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So this thing called Wife Day... been there.
On Thursday the boys will get ready for more gameday action. And we'll probably explore the phenomenon known as the Purduestache.
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[Ed-S: Bumped to Diary. FWIW here's Michigan's OL versus those guys last year:
|Lewan||7||1||6||Would like to see him more involved somehow.|
|Barnum||3||2||1||Also picked up a –2 on the last play he was in on but I didn't hit him for it since he was obviously injured.|
|Molk||15||2||13||Even got a killer reach block for old times' sake.|
|Omameh||13||7||6||Had some issues with Short.|
|Huyge||7.5||2.5||5||Easy time on the edge.|
|Schofield||5.5||10||-4.5||Big step back from two weeks ago. Did get a thumper late.|
|Mealer||0.5||-||0.5||On last drive charted.|
|Watson||3||-||3||Got in on some of the edge bashing.|
|Koger||14.5||2||12.5||Completely clobbered his DE whenever asked to.|
|TOTAL||69||27.5||72%||Moore put up a –1, FWIW. Strong day almost hitting 3:1.|
|Protection||22||6||79%||Team 3, Toussaint 1, Schofield 2. Big bounce-back.|
|RPS||20||9||11||Throwback screens always work.|
So Short caused some problems for the guards and will again; the rest of the guys did okay]
So last year Michigan had 339 yards on the ground versus Purdue. Fitz had a career day in which he ran for 170 yards on 20 carries. Denard passed the ball 14 times and completed 9. Never did he seem pressured very hard. Now this year some of my friends are nervous about Purdue and their front 7, so it made me curious enough to look into it a little farther.
So let's look at their personnel first. Of course any discussion about Purdue's defense begins with their potential first round draft pick - Kawann Short. The 6'3" 315lb senior tackle leads the team in sacks at 4, has recorded a respectable 9 tackles (7 of those for a loss (!)), and has one pass deflection. Also worth noting is his 3 (!) blocked kicks already this year - Short is disruptive, to say the least. Ryan Russell is a 6'5" 275lb sophomore, and has been disruptive as well. He has recorded 13 tackles (4.5 of those for a loss) and 2 sacks so far this year. Bruce Gaston is a 6'2" 303lb junior tackle who has chipped in 8 tackles, half of those were for for a loss. So they have the ability to put pressure on you from the middle and the end.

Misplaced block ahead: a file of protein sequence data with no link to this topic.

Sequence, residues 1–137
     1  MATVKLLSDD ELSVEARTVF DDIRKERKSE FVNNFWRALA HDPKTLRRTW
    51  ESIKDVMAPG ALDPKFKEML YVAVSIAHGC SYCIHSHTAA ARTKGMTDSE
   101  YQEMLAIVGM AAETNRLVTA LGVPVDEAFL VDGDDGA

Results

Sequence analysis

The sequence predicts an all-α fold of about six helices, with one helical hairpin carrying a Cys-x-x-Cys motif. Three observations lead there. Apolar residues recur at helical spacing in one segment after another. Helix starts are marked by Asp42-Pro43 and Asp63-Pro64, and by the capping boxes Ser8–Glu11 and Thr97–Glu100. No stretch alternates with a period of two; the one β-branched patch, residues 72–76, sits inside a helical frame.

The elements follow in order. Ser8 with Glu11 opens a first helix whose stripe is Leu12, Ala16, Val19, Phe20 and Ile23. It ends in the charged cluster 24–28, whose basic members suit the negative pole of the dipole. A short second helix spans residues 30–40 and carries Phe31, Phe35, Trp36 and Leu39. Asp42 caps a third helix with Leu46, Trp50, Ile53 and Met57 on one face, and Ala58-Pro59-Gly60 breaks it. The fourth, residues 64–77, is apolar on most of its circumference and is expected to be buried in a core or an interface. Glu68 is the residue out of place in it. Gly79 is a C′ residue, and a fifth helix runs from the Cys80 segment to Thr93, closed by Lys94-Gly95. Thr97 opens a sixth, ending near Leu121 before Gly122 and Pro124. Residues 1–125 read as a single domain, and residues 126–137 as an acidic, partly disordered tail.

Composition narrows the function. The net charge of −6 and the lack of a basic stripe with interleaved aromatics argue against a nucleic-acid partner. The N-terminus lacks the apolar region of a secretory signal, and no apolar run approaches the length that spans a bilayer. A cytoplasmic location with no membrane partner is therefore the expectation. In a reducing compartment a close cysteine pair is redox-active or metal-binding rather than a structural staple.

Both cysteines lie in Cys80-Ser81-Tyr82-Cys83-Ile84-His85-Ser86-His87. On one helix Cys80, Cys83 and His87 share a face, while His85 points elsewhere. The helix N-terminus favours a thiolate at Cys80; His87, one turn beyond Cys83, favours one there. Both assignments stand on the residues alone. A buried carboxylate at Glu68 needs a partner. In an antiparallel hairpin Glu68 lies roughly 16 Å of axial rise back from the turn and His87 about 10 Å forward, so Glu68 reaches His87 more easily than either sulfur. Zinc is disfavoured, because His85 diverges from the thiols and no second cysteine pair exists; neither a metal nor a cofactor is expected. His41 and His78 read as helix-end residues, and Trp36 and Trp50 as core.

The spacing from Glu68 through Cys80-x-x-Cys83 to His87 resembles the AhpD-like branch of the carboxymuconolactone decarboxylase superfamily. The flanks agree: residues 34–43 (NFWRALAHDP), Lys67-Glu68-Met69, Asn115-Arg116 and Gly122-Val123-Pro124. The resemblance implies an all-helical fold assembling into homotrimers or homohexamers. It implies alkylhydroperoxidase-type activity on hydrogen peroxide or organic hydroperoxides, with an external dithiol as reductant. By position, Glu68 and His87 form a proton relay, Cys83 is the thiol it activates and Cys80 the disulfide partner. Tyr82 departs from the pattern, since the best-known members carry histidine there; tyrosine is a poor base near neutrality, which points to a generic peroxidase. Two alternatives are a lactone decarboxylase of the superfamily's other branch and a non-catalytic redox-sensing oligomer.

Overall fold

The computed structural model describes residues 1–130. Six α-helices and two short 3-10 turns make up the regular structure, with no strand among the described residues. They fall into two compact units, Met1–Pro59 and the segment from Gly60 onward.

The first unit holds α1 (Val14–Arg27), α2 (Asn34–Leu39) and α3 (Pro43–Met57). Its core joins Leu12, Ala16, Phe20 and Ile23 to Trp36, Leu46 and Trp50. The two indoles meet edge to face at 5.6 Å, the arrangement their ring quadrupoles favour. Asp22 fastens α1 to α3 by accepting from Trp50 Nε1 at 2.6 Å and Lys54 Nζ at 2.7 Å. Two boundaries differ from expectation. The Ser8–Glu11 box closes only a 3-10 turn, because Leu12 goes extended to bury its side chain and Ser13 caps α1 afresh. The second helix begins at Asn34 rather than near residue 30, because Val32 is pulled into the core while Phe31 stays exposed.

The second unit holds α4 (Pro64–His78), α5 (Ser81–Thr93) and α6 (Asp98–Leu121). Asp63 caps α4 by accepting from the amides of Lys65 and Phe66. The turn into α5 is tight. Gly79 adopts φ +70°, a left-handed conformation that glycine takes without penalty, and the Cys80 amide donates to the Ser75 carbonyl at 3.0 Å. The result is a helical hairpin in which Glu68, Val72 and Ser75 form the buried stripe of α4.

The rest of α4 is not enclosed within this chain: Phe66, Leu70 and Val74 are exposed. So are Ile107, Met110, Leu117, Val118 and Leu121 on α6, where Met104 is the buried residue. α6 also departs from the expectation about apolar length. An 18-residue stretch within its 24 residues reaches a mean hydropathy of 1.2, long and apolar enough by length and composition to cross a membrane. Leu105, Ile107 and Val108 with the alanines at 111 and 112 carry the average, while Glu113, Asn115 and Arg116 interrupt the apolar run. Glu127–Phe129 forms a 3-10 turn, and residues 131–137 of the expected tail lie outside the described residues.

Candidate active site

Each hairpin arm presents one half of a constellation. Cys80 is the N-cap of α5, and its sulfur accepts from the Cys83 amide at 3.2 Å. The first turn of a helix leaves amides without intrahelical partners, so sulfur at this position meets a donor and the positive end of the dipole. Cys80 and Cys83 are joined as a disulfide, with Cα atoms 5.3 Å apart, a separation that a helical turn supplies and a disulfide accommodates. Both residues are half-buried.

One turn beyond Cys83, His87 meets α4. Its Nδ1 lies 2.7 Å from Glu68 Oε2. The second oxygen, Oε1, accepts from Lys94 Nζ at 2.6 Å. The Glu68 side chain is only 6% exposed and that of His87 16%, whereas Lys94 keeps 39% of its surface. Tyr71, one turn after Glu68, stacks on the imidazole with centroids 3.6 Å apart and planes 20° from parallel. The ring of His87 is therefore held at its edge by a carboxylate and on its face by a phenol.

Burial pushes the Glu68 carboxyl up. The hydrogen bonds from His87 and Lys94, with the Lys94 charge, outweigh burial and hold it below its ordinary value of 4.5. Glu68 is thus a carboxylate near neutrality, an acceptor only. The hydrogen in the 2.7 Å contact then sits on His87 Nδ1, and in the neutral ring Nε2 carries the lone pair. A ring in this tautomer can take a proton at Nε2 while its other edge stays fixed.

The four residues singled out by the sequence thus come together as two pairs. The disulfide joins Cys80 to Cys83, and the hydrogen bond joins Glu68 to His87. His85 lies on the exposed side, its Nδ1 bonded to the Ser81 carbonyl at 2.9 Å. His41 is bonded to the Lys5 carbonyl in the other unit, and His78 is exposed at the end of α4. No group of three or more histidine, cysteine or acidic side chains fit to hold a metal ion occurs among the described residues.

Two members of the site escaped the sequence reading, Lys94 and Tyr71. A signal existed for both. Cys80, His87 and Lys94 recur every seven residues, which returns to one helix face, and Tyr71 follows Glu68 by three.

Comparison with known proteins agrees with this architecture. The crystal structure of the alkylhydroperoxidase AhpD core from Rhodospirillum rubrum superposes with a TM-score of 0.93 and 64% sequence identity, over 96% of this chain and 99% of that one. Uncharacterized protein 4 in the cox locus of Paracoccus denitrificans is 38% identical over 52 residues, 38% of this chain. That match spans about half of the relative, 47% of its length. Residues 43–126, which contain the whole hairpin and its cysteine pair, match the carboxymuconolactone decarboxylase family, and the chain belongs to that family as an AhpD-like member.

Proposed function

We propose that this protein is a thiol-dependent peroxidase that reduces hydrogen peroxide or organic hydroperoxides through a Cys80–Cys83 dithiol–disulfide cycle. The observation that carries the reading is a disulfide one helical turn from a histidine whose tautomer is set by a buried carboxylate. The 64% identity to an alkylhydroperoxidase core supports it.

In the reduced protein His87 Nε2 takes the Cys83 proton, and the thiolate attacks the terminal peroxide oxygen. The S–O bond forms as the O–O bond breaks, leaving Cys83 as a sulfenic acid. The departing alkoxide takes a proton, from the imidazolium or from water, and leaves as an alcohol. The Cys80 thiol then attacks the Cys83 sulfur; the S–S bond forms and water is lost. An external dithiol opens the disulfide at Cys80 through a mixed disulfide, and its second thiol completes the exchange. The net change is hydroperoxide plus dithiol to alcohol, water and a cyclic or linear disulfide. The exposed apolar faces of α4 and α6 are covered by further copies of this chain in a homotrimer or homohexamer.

At linebacker, the Boilermakers lost Dwayne Beckford just before the season started. Beckford was the team's second leading tackler last year but was told to pack his bags after his 4th (!) arrest since 2011. Will Lucas, a 5' 11" junior, is the team's leading tackler with 25 and has also recorded one sack. Joe Gilliam is a 6' 1" 227lb sophomore that has chipped in 15 tackles (of which zero were for a loss). Not the most disruptive linebackers you will find, but serviceable nonetheless.
So there are some good to playmakers in their lineup, but even their own fans are worried about whether or not they can maintain tough defensive play for a full 60 minutes. Here's a quote from Boiled Sports after the Marshall game -
Tim Tibesar's defense has been good when it's needed to be, but consistency is still tough to come by
Read the whole article here - http://www.boiledsports.com/2012/10/distant-replay-purdue-marshall.html
Something else I found interesting was comparing how Purdue's run defense ranked versus their opponent's opponents defense (?). I'm pretty sure I said that wrong, but here's are the charts of Purdue's opponents and how they performed against their other scheduled opponents (better way to say it?) Anyways....rankings are determined by yards per carry.
Although Purdue's numbers look good, Tennessee-Martin held Eastern Kentucky to less yards per carry than Purdue. I'll repeat that because it is worth repeating. Tennessee-Martin held Eastern Kentucky to less yards per carry than Purdue. Tennessee-Martin also did not give up a rushing touchdown to Eastern Kentucky. Next up for Purdue was Notre Dame.
This is the game that is driving the hype. While this game is a stellar performance by the Boilermakers, I would probably apply a jet lag/Ireland factor here on Notre Dame's flat performance. Even then FWIW, Notre Dame hasn't done well rushing the ball at all this year either (unless you count Navy), so there is that. The following week we can see why there is concern about consistency in the front seven.